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B Thermal resistance without area

  1. Apr 25, 2017 #1
    I'm (self)studying the physics of heat transfer at the moment. My book gives a relationship between heat transfer rate and thermal resistance as ##\phi=\frac {A \Delta T} {R}##. My book is not in English, so hopefully that is not the cause of this misunderstanding. I double checked that heat flow rate means the same as in my native language. Heat flow rate can be also marked as ##q## and ##Q## I think since I saw both being used in different places.

    When I read about thermal resistance from other sources in the internet I ran across this equation ##\phi=\frac {\Delta T} {R}##. I give a specific source: http://web2.clarkson.edu/projects/subramanian/ch330/notes/Conduction in the Cylindrical Geometry.pdf

    The heat flow rate of cylinder is defined the same as in my book, but the relationship between heat flow rate and resistance differ, since it does not include area in it. Well maybe I mixed heat flow rate with heat flux? Then it would not make sense that cylinder's heat flow rate matches with the one in my book. Something I'm not understanding correctly, so any help would be much appreciated.
     
  2. jcsd
  3. Apr 25, 2017 #2
    If the equation doesn't involve the area, then it gives heat flow rate per unit area (also known as heat flux). If it does involve the area, then it is total heat flow rate.
     
  4. Apr 26, 2017 #3
    In that source the heat flow rate of cylinder is ##Q=2\pi L k \frac {T_1 - T_2} {ln(r_2 / r_1)}##. Since the symbol ##Q## is reserved for heat flow rate, then how can ##Q=\frac {\Delta T}{R}## make sense? It does not have area in it, so ##Q## should mean heat flux. See my confusion? It is even mentioned that ##Q## means heat flow rate.
     
  5. Apr 26, 2017 #4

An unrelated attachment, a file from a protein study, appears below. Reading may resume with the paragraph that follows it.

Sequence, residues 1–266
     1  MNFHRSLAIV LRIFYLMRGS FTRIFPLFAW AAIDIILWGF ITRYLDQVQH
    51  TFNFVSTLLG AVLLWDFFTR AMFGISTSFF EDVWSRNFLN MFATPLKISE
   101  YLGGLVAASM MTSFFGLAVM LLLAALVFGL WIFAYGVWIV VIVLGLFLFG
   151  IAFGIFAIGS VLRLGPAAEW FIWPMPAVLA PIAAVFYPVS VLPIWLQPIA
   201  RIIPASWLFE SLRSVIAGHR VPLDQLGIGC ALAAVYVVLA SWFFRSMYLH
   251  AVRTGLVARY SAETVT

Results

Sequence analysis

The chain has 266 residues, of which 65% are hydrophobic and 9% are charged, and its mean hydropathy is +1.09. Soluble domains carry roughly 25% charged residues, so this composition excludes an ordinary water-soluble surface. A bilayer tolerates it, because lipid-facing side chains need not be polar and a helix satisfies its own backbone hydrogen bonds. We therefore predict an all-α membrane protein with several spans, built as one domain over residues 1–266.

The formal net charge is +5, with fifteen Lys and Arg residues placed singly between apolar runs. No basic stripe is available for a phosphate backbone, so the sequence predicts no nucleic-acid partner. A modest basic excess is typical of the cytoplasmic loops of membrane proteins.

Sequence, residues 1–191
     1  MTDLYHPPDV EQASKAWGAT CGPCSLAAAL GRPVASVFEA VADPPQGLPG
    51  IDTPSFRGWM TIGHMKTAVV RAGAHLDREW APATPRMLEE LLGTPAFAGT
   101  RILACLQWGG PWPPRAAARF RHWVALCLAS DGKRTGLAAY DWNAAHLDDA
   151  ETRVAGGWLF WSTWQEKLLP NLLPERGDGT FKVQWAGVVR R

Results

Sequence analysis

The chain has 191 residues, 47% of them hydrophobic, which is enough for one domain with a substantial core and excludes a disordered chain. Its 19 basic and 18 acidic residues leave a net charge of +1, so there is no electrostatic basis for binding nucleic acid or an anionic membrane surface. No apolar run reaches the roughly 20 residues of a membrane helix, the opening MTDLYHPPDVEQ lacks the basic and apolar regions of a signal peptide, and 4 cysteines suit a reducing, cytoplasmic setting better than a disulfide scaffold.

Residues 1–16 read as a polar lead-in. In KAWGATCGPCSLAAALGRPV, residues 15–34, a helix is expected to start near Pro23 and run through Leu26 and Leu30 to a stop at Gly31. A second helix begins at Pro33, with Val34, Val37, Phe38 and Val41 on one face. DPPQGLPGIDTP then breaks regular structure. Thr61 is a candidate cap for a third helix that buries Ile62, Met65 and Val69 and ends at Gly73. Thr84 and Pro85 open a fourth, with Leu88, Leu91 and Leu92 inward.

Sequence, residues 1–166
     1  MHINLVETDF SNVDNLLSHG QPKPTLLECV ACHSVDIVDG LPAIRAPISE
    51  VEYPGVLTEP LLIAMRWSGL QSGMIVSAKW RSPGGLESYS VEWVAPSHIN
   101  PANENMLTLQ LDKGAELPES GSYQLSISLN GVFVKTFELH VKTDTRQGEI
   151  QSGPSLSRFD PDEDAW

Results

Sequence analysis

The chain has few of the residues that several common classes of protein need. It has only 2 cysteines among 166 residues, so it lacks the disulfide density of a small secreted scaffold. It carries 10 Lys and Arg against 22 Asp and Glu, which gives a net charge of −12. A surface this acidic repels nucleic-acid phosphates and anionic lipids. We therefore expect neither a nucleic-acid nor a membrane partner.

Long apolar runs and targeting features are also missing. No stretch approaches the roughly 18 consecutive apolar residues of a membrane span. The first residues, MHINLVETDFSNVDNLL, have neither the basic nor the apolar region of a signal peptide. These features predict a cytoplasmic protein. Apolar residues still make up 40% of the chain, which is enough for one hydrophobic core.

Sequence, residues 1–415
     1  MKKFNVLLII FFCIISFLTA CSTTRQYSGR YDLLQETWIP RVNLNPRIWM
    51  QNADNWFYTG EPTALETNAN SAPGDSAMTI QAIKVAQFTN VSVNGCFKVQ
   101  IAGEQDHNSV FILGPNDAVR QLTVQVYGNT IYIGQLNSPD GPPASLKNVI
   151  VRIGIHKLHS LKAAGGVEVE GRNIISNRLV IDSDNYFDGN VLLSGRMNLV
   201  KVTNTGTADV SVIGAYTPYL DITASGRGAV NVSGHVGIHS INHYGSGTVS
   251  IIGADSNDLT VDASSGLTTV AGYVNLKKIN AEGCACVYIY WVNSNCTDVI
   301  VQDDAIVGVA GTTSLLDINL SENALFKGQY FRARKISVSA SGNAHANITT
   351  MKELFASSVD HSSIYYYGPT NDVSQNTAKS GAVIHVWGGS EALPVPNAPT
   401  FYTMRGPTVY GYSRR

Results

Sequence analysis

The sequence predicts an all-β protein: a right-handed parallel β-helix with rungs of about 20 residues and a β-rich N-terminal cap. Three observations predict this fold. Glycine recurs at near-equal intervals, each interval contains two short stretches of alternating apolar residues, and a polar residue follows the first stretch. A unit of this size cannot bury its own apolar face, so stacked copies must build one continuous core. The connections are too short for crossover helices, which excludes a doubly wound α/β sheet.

Strictly speaking, the relationship in your original post only always works if the equation is expressed in differential form: $$q=-k\frac{dT}{dx}$$ and $$Q=-Ak\frac{dT}{dx}$$. In the latter equation, A might even be a function of x. Here's how it applies to the equation you have written in this post (for heat flow through a pipe wall):
    $$q--k\frac{dT}{dr}$$
    and $$Q=-(2\pi rL)k\frac{dT}{dr}\tag{1}$$
    Eqn. 1 applies to every radial location between r1 and r2.

    The equation ##Q=2\pi L k \frac {T_1 - T_2} {ln(r_2 / r_1)}## is what you get if you integrate Eqn. 1 between r1 and r2. If you insist in expressing this relationship in the form discussed in post #1, then you can write:
    $$Q=-A_{LM}k\frac{(T_2-T_1)}{(r_2-r_1)}$$where $$A_{LM}=2\pi \frac{(r_2-r_1)}{\ln{(r_2/r_1)}}L$$. ##A_{LM}## is a weighted average of the cross sectional areas at r2 and r1 (called the logarithmic mean area), and ##-k(T_2-T_1)/(r_2-r_1)## is the average heat flux over the region between r2 and r1.
     
  6. Apr 27, 2017 #5
    Where does ##Q= \frac {\Delta T}{R}## come from then? The units don't add up without area ##W= \frac{^0C}{^0Cm^2/W}##
     
  7. Apr 27, 2017 #6
    The correct form of the equation for the heat flux q is $$q=-k\frac{dT}{dx}$$ where k is the thermal conductivity with units of ##W/(m\ C)##, T is the temperature with units of C, and x is distance with units of m. So the units of the heat flux q are ##W/m^2##. If we multiply this by the cross sectional area A (through which the heat is flowing), we obtain Q, which has units of W.
     
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